Chylous Pleural and Peritoneal Effusion in a Cat with Feline Immunodeficiency Virus; Diagnosis by Lipoprotein Electrophoresis
World Small Animal Veterinary Association World Congress Proceedings, 2004
Mehmet Kazim Borku, Kerem Ural, Mehmet Cagri Karakurum, Erdogan Uzlu
University of Ankara, Faculty of Veterinary, Department of Internal Medicine, Ankara, Turkey

There have been many publications describing the effects of feline immunodeficiency virus (FIV) on cats. However to the present authors' knowledge this is the first report of a cat with chylous pleural and peritoneal effusion associated with FIV. The aim of the present paper is to describe the clinical signs, diagnosis by lipoprotein electrophoresis and serum lipid studies, the ultrasonographic appearance of chylous effusion and therapy.

A five-year-old spayed shorthair cat was evaluated for chylous effusion in the thorax and abdomen. The diagnosis of chylothorax was confirmed by serum and pleural fluid cholesterol:triglyceride ratios (a ratio of less than 1; 120/3403 mg/dl in pleural fluid and 147/570 mg/dl in serum) and lipoprotein electrophoresis with a great increase in proportion of chylomicron to 17.7%. Results of CBC included a marked leucocytosis (WBC 36.3 x103µl and macrocytic-hypochromic anaemia (RBC 4.9 x 106, MCV 69 fL, MCHC 22.5 g/dl). Cultures from the peritoneal fluid were negative. Thoracic and abdominal radiography showed a ground glass appearance and obscuration of the abdominal structures. Ultrasonographic examination confirmed the presence of pleural and peritoneal effusion. Electrocardiography was unremarkable and the test for heartworm antigen was negative. The cat was tested for antibodies to FIV and FeLV antigens and was found to be FIV-positive.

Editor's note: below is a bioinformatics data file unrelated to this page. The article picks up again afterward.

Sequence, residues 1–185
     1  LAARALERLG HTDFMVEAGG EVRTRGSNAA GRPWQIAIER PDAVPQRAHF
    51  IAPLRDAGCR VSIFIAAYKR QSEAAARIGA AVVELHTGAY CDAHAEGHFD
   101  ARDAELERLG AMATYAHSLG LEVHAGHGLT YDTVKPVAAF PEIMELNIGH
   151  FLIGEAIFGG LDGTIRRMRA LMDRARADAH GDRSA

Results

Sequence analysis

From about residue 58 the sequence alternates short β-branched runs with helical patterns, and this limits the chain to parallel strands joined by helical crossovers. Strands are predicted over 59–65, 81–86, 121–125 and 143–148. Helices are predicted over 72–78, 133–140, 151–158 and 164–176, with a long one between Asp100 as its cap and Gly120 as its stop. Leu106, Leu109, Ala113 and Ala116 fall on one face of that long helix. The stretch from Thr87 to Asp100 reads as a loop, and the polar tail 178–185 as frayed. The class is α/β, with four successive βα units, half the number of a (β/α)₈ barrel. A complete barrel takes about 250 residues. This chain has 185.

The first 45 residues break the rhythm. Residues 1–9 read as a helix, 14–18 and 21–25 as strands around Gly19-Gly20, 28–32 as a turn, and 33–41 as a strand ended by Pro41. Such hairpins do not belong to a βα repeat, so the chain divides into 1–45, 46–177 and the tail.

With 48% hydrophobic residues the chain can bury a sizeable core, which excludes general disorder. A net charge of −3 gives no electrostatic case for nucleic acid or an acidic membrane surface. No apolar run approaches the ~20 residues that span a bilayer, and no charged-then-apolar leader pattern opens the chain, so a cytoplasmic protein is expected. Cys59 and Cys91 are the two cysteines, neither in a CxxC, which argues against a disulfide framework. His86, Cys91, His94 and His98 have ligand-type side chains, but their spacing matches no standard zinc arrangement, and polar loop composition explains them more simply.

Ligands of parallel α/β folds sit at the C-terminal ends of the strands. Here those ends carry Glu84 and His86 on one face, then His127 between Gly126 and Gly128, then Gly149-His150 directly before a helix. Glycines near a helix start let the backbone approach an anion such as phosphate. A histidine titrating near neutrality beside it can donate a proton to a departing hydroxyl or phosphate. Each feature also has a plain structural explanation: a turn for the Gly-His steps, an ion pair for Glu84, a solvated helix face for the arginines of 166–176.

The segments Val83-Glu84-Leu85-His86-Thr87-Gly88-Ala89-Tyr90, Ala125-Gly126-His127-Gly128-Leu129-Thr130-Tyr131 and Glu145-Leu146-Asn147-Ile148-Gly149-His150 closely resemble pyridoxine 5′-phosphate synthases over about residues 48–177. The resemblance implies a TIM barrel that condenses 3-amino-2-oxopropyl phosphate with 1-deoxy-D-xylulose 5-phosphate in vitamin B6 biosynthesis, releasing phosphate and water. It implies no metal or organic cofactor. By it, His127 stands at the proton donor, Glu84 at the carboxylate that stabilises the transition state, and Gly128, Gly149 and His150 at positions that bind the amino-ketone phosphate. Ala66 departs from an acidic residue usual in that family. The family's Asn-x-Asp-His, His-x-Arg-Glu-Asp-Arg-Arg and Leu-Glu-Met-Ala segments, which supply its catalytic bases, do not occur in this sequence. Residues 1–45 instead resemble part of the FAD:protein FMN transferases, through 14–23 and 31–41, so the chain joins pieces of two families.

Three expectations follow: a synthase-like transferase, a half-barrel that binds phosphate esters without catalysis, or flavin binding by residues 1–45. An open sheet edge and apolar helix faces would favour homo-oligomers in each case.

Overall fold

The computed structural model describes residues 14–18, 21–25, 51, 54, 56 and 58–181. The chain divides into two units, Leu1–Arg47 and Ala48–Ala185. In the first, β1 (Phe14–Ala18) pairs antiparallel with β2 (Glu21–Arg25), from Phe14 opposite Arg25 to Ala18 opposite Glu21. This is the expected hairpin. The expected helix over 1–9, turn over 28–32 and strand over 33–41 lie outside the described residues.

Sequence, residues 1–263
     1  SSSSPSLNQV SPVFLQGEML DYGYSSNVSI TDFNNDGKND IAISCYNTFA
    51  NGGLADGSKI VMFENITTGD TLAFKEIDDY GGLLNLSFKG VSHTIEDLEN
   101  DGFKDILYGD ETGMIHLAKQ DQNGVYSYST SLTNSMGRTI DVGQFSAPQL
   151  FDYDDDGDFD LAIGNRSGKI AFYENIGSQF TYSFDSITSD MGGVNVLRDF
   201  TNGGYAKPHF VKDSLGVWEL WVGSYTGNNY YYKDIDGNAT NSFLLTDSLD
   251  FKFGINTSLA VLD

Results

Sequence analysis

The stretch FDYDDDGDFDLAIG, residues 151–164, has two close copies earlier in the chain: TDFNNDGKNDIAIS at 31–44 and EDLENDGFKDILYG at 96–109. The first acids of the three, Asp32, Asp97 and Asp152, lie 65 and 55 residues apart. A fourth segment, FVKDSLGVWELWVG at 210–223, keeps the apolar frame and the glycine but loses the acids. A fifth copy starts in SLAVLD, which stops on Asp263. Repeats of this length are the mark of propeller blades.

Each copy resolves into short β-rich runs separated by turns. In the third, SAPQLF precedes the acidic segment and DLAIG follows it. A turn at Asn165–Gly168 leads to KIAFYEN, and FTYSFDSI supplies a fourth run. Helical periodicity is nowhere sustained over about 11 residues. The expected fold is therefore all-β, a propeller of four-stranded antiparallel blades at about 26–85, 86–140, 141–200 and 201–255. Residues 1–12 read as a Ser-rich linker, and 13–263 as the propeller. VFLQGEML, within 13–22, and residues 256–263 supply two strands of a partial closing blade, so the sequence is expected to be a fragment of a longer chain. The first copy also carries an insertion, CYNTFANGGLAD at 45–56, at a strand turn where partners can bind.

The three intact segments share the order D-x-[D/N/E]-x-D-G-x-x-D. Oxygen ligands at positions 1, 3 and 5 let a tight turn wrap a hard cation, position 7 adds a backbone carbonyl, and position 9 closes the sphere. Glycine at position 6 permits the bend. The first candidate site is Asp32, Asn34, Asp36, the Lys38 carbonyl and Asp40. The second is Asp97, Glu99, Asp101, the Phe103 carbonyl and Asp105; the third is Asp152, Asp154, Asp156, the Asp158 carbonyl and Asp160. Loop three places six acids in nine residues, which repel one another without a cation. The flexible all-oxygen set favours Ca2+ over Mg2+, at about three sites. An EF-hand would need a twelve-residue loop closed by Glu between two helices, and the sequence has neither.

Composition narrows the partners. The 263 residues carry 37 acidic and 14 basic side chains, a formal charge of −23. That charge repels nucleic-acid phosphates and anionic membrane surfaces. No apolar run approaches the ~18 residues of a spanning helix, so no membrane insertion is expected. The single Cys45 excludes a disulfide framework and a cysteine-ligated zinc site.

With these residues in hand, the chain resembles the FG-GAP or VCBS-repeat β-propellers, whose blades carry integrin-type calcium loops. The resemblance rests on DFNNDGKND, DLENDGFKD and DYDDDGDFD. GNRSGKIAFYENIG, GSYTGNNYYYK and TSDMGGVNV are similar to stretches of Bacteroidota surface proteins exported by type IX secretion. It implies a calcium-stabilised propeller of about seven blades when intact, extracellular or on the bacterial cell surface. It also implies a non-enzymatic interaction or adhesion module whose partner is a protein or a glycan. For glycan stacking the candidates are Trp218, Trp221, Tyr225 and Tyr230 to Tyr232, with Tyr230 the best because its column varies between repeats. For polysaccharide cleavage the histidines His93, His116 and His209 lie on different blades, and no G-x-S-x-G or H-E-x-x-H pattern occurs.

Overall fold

Treatment consisted of fluid replacement (intravenous Ringer's solution and 5 percent glucose), antibiotic (30 mg/kg amoxycillin once daily), diuretic drug (2 mg/kg frusemide once daily) and vitamin E. Conservative management included paracentesis, low-fat diet, medium-chain triglyceride supplementation. The cat was still alive at the time of writing with a suspected long-term prognosis.

Underlying causes of chylothorax and chyloperitoneum in cats are discussed, and clinical signs, diagnosis by lipoprotein electrophoresis and possible pathogenesis of the chylous effusion in association with FIV is discussed.

Speaker Information
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Kerem Ural
University of Ankara
Faculty of Veterinary, Department of Internal Medicine
Ankara, Turkey

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